Distractions of one sort or another are often a precursor to accidents and, sometimes, bizarre situations. Everything from open doors to failed landing-gear position indicator lights have led to serious situations.
Earlier this year I put the words "aircraft accident" and a few similar terms into the Google online search engine and asked for a daily report of news articles that contained those words. Now, every day — sometimes multiple times a day — I get sent an e-mail that includes links to news stories about aircraft accidents. It can be depressing reading, but every once in a while there's a story that falls outside the usual accident fare. And I'm amazed at how often distractions of one type or another seem to play a role in the accidents. We do our best not to speculate about the cause of aircraft accidents without benefit of an NTSB report, but give me a little latitude here.
Distraction may have played a role in one strange accident earlier this summer. A man exited a Cessna 210 and, perhaps distracted, he was "clipped" by the propeller and died. Later that same day, according to press reports, the same airplane crashed shortly after takeoff, injuring the pilot who had been at the controls when the earlier accident occurred. Normally, when an aircraft is involved in a "propeller strike," the engine must be torn down and inspected for damage. Why that didn't happen is still under investigation.
Two New Hampshire men were killed in June as they were apparently attempting to descend out of instrument conditions to make a VFR landing at a small, private airport in Virginia. According to the news report, the controller offered to guide them to a lower altitude nearby, but the pilot said the aircraft was right over the airport and that perhaps he could see it if he could spiral down. That was apparently his last comment, just before the aircraft crashed. Apparently, the pilot became distracted by the thought that he must land at that airport. In an unusual twist, an acquaintance who was to pick them up had already decided that because of the poor weather they wouldn't be landing at the small airport; he was waiting at the nearby larger airport that has an instrument approach. If only the pilot had made the same decision.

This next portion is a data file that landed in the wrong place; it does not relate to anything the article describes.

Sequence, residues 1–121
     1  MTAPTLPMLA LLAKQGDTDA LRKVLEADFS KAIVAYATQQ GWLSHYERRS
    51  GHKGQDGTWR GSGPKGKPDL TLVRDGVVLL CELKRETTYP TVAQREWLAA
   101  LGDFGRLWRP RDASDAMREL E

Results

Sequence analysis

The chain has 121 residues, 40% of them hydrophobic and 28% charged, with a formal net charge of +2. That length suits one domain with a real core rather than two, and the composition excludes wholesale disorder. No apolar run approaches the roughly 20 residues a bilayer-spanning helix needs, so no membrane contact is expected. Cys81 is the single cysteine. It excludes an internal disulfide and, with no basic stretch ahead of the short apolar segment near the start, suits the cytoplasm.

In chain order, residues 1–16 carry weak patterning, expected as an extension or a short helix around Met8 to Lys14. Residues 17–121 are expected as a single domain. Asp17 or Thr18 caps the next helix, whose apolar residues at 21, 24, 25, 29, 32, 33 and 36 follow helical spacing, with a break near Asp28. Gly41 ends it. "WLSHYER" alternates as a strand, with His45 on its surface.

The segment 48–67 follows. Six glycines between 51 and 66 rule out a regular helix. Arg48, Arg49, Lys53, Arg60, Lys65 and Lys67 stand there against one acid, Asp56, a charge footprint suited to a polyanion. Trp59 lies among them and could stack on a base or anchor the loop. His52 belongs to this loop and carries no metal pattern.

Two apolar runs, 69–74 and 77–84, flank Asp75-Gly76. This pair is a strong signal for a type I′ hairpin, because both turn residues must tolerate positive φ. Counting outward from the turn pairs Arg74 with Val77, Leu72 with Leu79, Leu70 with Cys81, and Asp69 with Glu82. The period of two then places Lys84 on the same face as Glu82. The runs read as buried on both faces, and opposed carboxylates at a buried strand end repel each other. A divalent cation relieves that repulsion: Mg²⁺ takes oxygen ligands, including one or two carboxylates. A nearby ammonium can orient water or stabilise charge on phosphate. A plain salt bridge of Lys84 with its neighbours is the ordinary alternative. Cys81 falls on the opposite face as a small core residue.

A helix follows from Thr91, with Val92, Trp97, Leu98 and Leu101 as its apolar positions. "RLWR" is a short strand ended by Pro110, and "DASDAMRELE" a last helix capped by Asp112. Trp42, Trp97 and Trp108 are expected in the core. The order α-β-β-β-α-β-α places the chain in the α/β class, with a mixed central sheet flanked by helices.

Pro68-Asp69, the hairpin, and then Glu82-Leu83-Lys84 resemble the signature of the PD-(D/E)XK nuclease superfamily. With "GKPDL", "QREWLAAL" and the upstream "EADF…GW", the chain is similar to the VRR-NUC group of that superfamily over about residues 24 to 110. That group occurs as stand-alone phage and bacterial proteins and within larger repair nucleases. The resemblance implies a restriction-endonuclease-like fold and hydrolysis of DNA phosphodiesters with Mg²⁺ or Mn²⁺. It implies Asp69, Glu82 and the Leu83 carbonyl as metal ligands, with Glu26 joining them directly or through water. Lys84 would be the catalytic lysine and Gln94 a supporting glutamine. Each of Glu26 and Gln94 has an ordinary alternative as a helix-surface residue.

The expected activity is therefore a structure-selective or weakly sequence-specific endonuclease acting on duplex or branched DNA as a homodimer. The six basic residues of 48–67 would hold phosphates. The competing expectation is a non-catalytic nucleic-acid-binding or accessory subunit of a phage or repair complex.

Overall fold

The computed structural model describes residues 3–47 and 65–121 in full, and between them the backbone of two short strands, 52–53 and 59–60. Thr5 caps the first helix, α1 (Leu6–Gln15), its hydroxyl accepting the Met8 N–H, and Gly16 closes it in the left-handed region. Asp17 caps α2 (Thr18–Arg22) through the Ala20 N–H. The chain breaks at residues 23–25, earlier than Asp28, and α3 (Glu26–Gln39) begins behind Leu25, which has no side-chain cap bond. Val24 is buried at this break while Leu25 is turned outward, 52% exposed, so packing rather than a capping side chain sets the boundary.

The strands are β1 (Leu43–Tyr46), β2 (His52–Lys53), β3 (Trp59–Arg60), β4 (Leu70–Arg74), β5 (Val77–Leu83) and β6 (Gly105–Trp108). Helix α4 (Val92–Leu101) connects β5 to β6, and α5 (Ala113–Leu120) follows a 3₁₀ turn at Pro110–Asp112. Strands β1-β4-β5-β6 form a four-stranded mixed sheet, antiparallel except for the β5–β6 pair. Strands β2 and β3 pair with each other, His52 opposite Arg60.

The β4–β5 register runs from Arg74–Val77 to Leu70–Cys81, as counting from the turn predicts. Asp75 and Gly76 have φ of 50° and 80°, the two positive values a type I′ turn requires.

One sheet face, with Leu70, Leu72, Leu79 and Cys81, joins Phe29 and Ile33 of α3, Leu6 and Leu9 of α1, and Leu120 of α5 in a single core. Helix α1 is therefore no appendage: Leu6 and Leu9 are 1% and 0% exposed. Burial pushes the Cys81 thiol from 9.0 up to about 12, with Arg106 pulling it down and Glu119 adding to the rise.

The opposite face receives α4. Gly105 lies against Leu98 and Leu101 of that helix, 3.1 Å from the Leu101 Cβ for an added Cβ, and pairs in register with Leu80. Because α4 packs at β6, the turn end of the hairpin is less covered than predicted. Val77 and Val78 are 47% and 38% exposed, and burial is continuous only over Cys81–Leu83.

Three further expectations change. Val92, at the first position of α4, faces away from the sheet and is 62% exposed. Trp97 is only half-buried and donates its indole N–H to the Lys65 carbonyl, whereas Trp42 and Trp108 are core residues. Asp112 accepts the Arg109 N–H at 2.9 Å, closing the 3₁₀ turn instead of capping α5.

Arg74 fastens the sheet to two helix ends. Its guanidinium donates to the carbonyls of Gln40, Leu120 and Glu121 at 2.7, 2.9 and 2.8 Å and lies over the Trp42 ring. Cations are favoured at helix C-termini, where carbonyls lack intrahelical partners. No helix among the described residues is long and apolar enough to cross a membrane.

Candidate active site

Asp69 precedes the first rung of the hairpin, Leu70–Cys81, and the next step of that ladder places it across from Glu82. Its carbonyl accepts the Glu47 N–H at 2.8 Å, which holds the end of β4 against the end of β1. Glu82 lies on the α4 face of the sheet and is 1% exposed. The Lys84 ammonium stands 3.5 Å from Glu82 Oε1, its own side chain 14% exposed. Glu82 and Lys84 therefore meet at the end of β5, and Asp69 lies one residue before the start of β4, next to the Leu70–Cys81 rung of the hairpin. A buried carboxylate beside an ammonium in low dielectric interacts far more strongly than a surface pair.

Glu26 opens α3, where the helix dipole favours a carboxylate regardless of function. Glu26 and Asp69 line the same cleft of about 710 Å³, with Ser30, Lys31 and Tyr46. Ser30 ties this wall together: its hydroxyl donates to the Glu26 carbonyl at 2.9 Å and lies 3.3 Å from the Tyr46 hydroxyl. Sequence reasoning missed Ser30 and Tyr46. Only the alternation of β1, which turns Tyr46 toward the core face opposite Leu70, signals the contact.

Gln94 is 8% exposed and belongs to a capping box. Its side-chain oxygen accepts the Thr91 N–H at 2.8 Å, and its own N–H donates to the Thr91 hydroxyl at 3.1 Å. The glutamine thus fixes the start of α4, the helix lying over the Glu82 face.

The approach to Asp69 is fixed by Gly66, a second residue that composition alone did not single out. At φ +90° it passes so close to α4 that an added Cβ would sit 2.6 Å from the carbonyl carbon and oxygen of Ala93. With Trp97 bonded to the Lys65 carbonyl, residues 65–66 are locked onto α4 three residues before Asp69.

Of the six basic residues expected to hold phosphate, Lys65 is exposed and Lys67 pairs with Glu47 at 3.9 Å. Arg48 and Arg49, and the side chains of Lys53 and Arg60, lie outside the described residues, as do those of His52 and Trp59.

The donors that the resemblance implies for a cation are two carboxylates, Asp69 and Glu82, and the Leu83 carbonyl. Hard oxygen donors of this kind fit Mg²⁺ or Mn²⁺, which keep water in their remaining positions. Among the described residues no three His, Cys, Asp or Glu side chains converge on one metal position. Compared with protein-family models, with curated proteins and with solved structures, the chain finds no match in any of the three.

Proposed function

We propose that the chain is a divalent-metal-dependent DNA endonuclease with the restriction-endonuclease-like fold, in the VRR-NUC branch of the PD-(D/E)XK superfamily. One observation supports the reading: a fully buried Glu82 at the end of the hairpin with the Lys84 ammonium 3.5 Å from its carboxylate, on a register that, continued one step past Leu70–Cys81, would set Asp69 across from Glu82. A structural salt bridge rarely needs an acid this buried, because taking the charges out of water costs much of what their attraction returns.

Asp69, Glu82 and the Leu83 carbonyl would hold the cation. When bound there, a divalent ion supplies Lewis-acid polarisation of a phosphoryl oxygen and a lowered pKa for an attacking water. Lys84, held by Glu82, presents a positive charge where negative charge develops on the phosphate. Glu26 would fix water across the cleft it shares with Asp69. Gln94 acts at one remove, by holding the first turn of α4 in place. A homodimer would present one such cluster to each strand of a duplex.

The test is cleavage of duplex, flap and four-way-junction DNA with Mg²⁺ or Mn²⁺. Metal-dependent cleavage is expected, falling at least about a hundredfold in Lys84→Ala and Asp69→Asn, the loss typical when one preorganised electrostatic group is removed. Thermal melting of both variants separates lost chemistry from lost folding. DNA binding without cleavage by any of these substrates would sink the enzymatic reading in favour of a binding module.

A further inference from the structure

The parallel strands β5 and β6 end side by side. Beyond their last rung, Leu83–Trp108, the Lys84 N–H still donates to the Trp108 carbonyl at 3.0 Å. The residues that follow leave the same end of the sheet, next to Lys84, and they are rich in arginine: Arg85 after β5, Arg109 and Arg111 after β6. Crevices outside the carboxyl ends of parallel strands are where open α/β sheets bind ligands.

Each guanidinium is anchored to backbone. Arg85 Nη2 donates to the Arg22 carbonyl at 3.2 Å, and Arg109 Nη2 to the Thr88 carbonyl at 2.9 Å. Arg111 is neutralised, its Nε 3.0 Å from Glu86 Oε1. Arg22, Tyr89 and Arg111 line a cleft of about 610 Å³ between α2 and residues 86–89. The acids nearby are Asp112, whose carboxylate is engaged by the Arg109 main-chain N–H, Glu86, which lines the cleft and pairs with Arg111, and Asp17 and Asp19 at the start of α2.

Late last year, a young commercial pilot took five friends up for a joyride in a stolen Cessna Citation VII. Despite not having a type rating in that model of Citation (and it being a two-crewmember airplane), the pilot managed to make the flight from St. Augustine, Florida, to Gwinnett County-Briscoe Field in Lawrenceville, Georgia, where he left the airplane. Authorities spent the next two days frantically looking for it, raising all sorts of concerns about some terrorist plot using a stolen business jet. According to published reports, the flight crew had left the Citation unlocked in Florida. You can bet that no amount of postflight distraction will keep crewmembers from locking the door from now on.
Another Google-delivered story detailed the death of a young pilot who was flying a man from Tennessee to Pennsylvania, where the passenger was reporting to federal prison for using a fake name to get a passport. The passenger survived with leg and hip injuries; his brother — a student pilot also on board — was seriously injured, as was a friend of the pilot's who was also on board. The accident occurred when the flight was attempting to land at the Mid-State Airport in Philipsburg, Pennsylvania, during poor weather in the middle of the night.
The airlines had canceled flights into the area because of poor weather. You wonder what caused the pilot to think he could make it in — especially in the dark — when the airlines could not. We'll leave that for the NTSB to sort out. Don't be surprised if distraction on final of a low approach doesn't somehow play a part.
E-mail the author at firstname.lastname@example.org.
Links to additional information about in-flight distractions may be found on AOPA Online.
AOPA Editor in Chief Tom Haines joined AOPA in 1988. He owns and flies a Beechcraft A36 Bonanza. Since soloing at 16 and earning a private pilot certificate at 17, he has flown more than 100 models of general aviation airplanes.